The youth is bright, smart there. The people who gathered there all the time and was gathering there all the time for celebrating all celebrations in the largest square in our country – the Freedom Square. This is the largest square in Europe and that’s true. 

This is called the Freedom Square. Can you imagine, this morning, two cruise missiles hit this Freedom Square. Dozens killed. This is the price of freedom. 

We’re fighting just for our land and for our freedom. 

Despite the fact that all the cities of our country are now blocked nobody is going to enter and intervene with our freedom and believe you me, every square from today, no matter what it’s called, is going to be called Freedom Square, in every city of our country. 

Nobody’s going to break us, we’re strong, we’re Ukrainians. 

We want our children to live. It seems to me that this is fair. Yesterday, 16 children died. And again, President Putin will say ‘this is an operation, and we are beating the military infrastructure.’ Where are our children? What military factories do they work at? ON which rockets? Maybe they ride in tanks? You killed 16 children!

We are fighting for our rights – freedom and life – and now we are fighting for survival. And this is our main motivation. But we are also fighting to be equal members of Europe. The EU will be much stronger with us. Without you, Ukraine will be alone.

Do prove that you are with us. Do prove that you will not let us go. Do prove that you are indeed Europeans, and then life will win over death and light will win over darkness. Glory to Ukraine.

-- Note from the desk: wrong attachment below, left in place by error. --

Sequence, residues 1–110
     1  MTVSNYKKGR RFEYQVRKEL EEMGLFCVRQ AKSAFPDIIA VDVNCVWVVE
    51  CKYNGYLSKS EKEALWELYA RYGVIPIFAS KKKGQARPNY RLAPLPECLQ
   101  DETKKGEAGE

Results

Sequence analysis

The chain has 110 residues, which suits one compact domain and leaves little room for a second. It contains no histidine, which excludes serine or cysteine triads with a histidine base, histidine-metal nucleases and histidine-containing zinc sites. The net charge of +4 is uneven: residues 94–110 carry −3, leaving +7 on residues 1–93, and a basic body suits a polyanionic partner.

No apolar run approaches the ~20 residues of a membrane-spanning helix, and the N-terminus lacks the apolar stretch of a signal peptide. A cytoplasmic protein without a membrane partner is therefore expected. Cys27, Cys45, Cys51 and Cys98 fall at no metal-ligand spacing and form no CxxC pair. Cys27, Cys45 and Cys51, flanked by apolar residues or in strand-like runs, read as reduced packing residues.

On Saturday, a German interpreter has burst into tears while translating a speech by Zelensky. 

The journalist, who has not been named, started crying as she read out Zelenskyy’s words for Welt.

She made it part-way through the press conference before her words were drowned out by tears through the microphone.

The politician had been giving an update on the precarious position Ukraine was in as Russian troops bang at the door to Kyiv overnight.

Zelensky’s address to the European Parliament on Tuesday came as explosions erupted around Kyiv’s 1,300ft TV tower this afternoon, just hours after Russia told civilians to evacuate because it was about to begin bombarding ‘strategic’ targets in the Ukrainian capital. 

At least two large blasts were seen near the foot of the tower, around three miles from central Kyiv, around 5.30pm local time. It was not immediately clear whether the tower had been the target of the strikes, or whether they had been targeting nearby buildings. The tower remained standing, but several state broadcasts went off air. 

It came shortly after Moscow’s ministry of defence said it would be launching strikes into the city targeting Ukraine’s security service and intelligence agencies with what it called  ‘precision munitions’.

That raised fears that Kyiv was about to come under heavy bombardment after the cities of  Kharkiv, Mariupol and Kherson were hit by indiscriminate shelling earlier in the day.

A column of Russian artillery units and tanks 40 miles long has been pictured snaking its way towards Kyiv as analysts warned it will likely be tasked with surrounding the city, besieging it and bombing it into submission as Putin resorts to ‘medieval’ tactics in an attempt to force victory.

Meanwhile Ukraine warned that Belarus had also thrown its own soldiers into the fight with an attack on the north eastern city of Chernihiv. 

Day 6 of the biggest ground war in Europe since World War II has found Russia increasingly isolated by tough economic sanctions that have thrown its economy its disarray and left the country practically friendless, apart from China and Belarus.